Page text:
The White House is launching an effort today to ease the global semiconductor supply crunch affecting a wide array of other industries, but any boost the administration can provide is likely to be on the far side of many more months of shortages.
President Joe Biden plans to sign an executive order this afternoon aimed at “securing America’s critical supply chains.” The order will address several challenges in the US supply chain, according to a fact sheet from the White House, with a particular focus on pharmaceuticals, mineral resources, semiconductors, and large-capacity batteries.
The order is a sort of combination of every US politicians’ favorite rallying cry—”more American jobs”—and an acknowledgement that shortages and production challenges in critical supply chains really have had a profound effect on the nation, especially in the past year. It calls for an immediate 100-day review that will “identify near-term steps the administration can take, including with Congress” to identify where the vulnerabilities in these supply chains are and what regulators or legislators can do to increase US manufacturing of these critical components.
In addition to the short-term review, the order also calls for a yearlong examination of risks and vulnerabilities in six other US technology supply chains: defense, public health, information technology and communications, energy, transportation, and agricultural tech.
While the order is framed in practical terms, there is of course a political component as well. According to a draft version CNBC obtained last week, the executive order does not mention any other nations (such as China) by name. Instead, it specifically seeks to review places where the US supply chain interacts with “nations that are or are likely to become unfriendly or unstable.”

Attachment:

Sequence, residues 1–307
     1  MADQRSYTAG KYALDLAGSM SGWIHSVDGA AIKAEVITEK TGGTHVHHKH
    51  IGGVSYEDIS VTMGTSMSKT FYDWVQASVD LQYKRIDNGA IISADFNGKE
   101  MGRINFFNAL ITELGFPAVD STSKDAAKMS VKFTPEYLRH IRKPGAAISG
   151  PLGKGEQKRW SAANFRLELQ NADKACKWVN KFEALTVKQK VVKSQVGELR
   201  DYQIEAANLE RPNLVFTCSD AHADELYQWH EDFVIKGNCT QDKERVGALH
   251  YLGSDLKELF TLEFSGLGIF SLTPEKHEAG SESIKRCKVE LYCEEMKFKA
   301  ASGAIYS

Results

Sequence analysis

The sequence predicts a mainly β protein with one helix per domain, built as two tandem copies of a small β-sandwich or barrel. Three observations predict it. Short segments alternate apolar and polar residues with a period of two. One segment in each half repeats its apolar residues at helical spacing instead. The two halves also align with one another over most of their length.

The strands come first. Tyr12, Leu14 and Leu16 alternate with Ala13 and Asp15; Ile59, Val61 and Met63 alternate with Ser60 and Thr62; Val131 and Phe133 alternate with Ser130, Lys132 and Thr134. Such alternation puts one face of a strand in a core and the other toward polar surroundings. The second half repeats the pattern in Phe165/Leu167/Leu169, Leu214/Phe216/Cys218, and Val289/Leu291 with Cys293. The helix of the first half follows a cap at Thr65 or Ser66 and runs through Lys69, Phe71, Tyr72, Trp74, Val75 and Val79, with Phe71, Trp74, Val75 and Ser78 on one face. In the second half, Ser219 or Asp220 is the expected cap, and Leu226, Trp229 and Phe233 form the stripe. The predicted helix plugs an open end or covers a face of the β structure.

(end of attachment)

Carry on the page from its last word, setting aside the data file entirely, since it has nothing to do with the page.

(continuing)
The silicon chip shortage is indeed tied to the pandemic, according to industry group research. Automotive demand dropped early in the pandemic, as people stopped going anywhere, but demand for other uses—such as devices used for virtual learning or telemedicine—went up. As every demand pattern around the world went topsy-turvy, the industry has struggled to keep up.
The shortages are beginning to affect all kinds of products. PC graphics cards are legendarily in short supply, and wafer shortages are a contributing factor. Companies are also expressing concern that shortages will affect the availability of gaming consoles and smartphones in the near future.
In both the US and worldwide, the auto industry is hit particularly hard at the moment. Several automakers have had to slow or halt production at their factories due to a lack of chips to put into new cars.
The Biden administration hopes to help increase supply in the long run in part by increasing US manufacturing capacity. “Over the years, we have underinvested in [semiconductor] production—hurting our innovative edge—while other countries have learned from our example and increased their investments in the industry,” the White House said. “Building resilient supply chains will protect the United States from facing shortages of critical products. It will also facilitate needed investments to maintain America’s competitive edge and strengthen US national security.”
Industry data backs up Biden’s point, showing that while the US has the highest percentage of market share for chips—a little under half of all sales, globally, go to US-based firms—the vast majority of actual manufacturing takes place in Asia and is expected to continue to do so. About 79 percent of chips were made in Asia in 2019, according to a Semiconductor Industry Association report (PDF); by 2025, that number is projected to rise to about 82 percent. Only 10-12 percent of chip manufacturing takes place inside the US.